Preventive healthcare has three main stages. Primary prevention of CVD refers to the adjusting modifiable risk factors in order to prevent the onset of disease. This includes lifestyle changes such as diets and regular exercise, discarding harmful behaviors such as smoking. Constant monitoring of risk factors would allow the patients to keep them in check thus leading to a healthier cardiovascular system. However, the one drawback of primary prevention is that it only focuses on modifiable risk factors. Although lifestyles play a major factor to susceptibility of CVD, there are many other genetic and environmental factors that cannot be controlled by an individual. This drawback of primary prevention is addressed by secondary prevention which focuses on early detection of diseases prior to critical and permanent damage, allowing the medical professionals to treat the patients and secure the quality of life. Early detection requires an in-depth knowledge of the disease itself, family history of the patient, lifestyle, and many other related factors. Although the process is more complex compared to primary prevention, benefits are far superior to tertiary prevention in terms of quality of life of patients as well as in a financial perspective. Medical professionals ordinarily use indicators such as age, blood sugar levels, and lipids to predict CVD and screen for particular diseases. However with the involvement of technology in the field of medicine, secondary prevention has evolved into a state where potential for CVD can be identified with accuracy rates approximating 80%. This is done by analyzing CVD trends in mass populations using data mining techniques and then applying the conclusions and trends to individuals to find their susceptibility to the disease.

Most prominent advantage of using technology for the prediction process is the accuracy and efficiency of the process. Traditional risk scores usually weight a predefined set of variables and then estimate a risk score for an individual. Studies show that traditional risk calculators tend to overestimate CVD risk in individuals where new AHA-ACC-ASCVD tool overestimated the risk by 86% and the ATPIII-FRS-CHD overestimated CVD occurrences 2.5 times [25]. Such inaccuracies may cause medical practitioners and the public to lose trust in disease prediction which could eventually lead to neglecting risk factors. However, technique such as ANN has the capacity to identify correlations between different risk factors. This could lead to identifying previously unknown correlations and rules for risk prediction which in return could improve the accuracy of assessment. Accurate risk identification allows medical professionals to intervene in managing risk factors using treatment and behavioral modifications prior to onset of more critical conditions, thereby improving the quality of life of the patient. Although accurate, there exists a drawback in technological risk prediction systems as well as in traditional risk scores. This drawback is the inability to predict the disease type (CAD, CHF, and PAD), which would allow more precise and focused treatment for the patients. This drawback could be addressed in the future by attributing disease type in the classification process, thereby predicting not only the probability of disease, but also the disease type.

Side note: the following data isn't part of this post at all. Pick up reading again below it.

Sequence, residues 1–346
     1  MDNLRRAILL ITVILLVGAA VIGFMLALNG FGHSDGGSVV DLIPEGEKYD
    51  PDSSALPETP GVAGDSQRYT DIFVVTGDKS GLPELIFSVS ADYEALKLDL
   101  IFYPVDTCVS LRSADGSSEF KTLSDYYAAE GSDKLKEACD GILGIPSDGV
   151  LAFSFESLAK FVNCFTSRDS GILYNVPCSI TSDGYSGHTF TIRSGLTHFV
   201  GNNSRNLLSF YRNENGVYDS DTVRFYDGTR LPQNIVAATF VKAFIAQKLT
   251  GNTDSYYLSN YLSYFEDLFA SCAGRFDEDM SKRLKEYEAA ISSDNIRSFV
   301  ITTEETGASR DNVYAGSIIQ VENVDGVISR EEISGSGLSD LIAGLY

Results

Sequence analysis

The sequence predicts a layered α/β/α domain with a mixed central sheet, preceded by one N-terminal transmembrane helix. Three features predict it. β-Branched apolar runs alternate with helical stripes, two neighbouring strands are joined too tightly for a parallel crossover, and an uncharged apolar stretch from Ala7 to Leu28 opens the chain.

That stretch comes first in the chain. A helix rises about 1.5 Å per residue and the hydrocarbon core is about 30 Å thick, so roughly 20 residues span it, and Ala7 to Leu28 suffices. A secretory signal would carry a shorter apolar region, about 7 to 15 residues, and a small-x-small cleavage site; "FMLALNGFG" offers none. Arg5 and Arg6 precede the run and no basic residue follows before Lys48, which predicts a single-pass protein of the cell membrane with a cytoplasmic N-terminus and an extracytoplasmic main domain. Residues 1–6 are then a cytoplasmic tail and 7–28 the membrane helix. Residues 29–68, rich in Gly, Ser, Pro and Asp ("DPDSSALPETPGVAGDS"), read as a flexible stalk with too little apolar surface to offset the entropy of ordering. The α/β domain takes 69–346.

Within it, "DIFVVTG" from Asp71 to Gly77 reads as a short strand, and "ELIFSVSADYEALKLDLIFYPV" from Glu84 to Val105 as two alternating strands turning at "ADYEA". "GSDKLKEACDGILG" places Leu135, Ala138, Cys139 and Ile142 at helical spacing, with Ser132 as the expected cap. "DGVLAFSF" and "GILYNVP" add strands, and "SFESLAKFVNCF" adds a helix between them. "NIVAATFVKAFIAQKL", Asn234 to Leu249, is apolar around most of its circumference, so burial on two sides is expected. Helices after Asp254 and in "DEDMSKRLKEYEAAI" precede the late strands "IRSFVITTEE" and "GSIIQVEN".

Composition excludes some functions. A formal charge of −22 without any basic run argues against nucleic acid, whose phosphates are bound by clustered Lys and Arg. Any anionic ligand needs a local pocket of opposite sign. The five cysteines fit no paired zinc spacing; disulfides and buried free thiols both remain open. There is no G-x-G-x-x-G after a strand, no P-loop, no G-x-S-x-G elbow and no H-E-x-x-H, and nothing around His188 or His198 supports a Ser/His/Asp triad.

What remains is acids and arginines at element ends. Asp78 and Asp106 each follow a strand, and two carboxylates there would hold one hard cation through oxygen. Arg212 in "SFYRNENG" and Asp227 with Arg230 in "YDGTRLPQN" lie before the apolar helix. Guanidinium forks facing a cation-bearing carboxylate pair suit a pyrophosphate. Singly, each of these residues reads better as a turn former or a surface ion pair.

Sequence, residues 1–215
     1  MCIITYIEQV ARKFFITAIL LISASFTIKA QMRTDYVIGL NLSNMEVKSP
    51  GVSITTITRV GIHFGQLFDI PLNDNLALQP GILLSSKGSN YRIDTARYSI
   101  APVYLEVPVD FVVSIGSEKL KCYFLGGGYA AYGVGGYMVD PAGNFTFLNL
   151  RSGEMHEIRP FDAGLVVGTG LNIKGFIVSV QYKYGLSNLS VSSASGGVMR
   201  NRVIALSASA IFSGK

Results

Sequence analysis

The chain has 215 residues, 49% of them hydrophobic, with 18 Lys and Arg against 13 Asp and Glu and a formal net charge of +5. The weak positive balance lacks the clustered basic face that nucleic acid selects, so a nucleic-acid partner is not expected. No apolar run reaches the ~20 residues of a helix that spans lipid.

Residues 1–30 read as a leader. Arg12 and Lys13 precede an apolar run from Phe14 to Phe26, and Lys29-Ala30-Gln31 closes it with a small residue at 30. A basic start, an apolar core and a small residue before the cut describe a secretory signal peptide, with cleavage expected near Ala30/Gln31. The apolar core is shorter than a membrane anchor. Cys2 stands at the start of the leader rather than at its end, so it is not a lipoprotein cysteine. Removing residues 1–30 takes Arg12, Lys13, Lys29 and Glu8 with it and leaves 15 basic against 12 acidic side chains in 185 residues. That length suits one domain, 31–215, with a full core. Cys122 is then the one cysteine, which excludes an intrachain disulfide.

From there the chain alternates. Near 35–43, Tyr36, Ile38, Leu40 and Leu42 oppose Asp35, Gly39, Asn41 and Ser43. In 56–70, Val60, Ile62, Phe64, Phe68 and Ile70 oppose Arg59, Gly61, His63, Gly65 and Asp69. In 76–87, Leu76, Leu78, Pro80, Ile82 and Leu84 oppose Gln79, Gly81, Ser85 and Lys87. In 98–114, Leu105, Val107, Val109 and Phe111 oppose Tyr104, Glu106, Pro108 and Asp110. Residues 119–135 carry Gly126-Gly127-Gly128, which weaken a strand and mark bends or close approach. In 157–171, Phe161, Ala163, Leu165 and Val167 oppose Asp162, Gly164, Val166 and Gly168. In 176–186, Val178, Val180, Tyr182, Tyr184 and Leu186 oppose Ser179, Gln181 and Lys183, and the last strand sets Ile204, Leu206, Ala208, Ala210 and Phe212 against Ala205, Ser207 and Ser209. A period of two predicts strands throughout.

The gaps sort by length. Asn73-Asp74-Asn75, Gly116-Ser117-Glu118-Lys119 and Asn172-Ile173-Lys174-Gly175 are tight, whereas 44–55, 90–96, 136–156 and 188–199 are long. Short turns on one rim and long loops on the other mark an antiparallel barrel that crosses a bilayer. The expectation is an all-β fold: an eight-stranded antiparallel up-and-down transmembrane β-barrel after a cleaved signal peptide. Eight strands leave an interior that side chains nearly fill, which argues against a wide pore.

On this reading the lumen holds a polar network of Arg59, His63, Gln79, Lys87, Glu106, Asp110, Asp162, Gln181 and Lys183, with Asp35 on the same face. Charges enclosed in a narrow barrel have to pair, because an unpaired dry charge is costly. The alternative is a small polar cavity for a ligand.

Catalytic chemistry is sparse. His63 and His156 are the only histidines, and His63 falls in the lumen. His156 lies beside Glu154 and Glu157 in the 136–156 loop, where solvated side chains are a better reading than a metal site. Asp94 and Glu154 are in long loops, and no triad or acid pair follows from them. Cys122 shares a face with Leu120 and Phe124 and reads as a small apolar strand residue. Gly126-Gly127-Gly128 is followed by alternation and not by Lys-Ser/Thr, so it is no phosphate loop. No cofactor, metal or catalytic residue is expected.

Upon diagnosis, patients are directed to appropriate treatments. As an example, beta blockers and calcium channel blockers for blood pressure lowering could reduce the risk of cerebrovascular disease and coronary heart disease. Furthermore statin treatment to lower blood lipids could reduce the risk of atherosclerosis which is the cause for many cardiovascular diseases. The most notable fact is that treatments associated with secondary prevention can be carried out with the minimal effect to the daily life and the quality of the life, unlike tertiary prevention.

Tertiary prevention refers to intensive procedures conducted in order to increase life expectancy and manage pain. Some common procedures include bypass surgery, coronary angioplasty, defibrillators, stents, and pacemakers. In 2006, United States itself has conducted 418000 pacemaker procedures, 114000 defibrillator procedures, and 448000 bypass surgeries. Cost of these procedures may not be affordable to middle income individuals as opposed to secondary prevention treatments. A bypass surgery may cost an average of $75,000 and a stent insertion may have a cost run of $28,000. As a result, it is a common occurrence that patients in developed countries visit low income countries such as India and Thailand for such procedures.

Another notable drawback of tertiary prevention in relation to secondary prevention is the disruption of daily activities of the patient. A traditional bypass surgery may take approximately 8–12 weeks of recovery period and ongoing care after surgery with EKS, stress testing, and CT scans. Pacemakers require patients to be extra careful of their surroundings in order to avoid prolonged exposure to electromagnetic fields. Furthermore, regular follow-up with a medical professional is required to assure the correct operation of the pacemaker. Such difficult situations may be avoided by secondary prevention.